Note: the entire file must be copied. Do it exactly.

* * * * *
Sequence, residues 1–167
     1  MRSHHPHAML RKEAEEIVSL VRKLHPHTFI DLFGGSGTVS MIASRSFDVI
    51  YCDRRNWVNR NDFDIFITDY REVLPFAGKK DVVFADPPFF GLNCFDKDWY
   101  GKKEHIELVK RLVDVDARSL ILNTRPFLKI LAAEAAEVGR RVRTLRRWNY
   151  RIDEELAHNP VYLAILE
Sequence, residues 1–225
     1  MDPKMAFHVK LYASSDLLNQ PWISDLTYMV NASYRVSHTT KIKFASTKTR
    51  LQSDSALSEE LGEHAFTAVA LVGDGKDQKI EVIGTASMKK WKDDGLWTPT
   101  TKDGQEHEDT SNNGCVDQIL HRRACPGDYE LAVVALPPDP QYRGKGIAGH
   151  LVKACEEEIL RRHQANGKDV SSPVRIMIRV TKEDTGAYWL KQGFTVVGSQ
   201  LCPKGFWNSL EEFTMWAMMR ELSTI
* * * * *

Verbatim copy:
Sequence, residues 1–167
     1  MRSHHPHAML RKEAEEIVSL VRKLHPHTFI DLFGGSGTVS MIASRSFDVI
    51  YCDRRNWVNR NDFDIFITDY REVLPFAGKK DVVFADPPFF GLNCFDKDWY
   101  GKKEHIELVK RLVDVDARSL ILNTRPFLKI LAAEAAEVGR RVRTLRRWNY
   151  RIDEELAHNP VYLAILE
Sequence, residues 1–225
     1  MDPKMAFHVK LYASSDLLNQ PWISDLTYMV NASYRVSHTT KIKFASTKTR
    51  LQSDSALSEE LGEHAFTAVA LVGDGKDQKI EVIGTASMKK WKDDGLWTPT
   101  TKDGQEHEDT SNNGCVDQIL HRRACPGDYE LAVVALPPDP QYRGKGIAGH
   151  LVKACEEEIL RRHQANGKDV SSPVRIMIRV TKEDTGAYWL KQGFTVVGSQ
   201  LCPKGFWNSL EEFTMWAMMR ELSTI